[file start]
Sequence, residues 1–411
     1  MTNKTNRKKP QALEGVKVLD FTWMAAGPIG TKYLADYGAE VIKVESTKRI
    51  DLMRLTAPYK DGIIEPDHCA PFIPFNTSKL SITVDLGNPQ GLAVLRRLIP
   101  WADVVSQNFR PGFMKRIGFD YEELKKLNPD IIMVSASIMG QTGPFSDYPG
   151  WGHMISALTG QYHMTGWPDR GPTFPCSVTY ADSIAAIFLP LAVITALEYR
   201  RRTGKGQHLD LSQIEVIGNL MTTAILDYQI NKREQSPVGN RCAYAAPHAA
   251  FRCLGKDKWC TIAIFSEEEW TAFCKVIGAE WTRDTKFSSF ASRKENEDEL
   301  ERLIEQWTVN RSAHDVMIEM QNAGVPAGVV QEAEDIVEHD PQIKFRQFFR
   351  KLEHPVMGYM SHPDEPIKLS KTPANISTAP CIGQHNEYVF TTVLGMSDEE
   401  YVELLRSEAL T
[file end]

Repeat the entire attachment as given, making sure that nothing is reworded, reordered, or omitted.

Sequence, residues 1–411
     1  MTNKTNRKKP QALEGVKVLD FTWMAAGPIG TKYLADYGAE VIKVESTKRI
    51  DLMRLTAPYK DGIIEPDHCA PFIPFNTSKL SITVDLGNPQ GLAVLRRLIP
   101  WADVVSQNFR PGFMKRIGFD YEELKKLNPD IIMVSASIMG QTGPFSDYPG
   151  WGHMISALTG QYHMTGWPDR GPTFPCSVTY ADSIAAIFLP LAVITALEYR
   201  RRTGKGQHLD LSQIEVIGNL MTTAILDYQI NKREQSPVGN RCAYAAPHAA
   251  FRCLGKDKWC TIAIFSEEEW TAFCKVIGAE WTRDTKFSSF ASRKENEDEL
   301  ERLIEQWTVN RSAHDVMIEM QNAGVPAGVV QEAEDIVEHD PQIKFRQFFR
   351  KLEHPVMGYM SHPDEPIKLS KTPANISTAP CIGQHNEYVF TTVLGMSDEE
   401  YVELLRSEAL T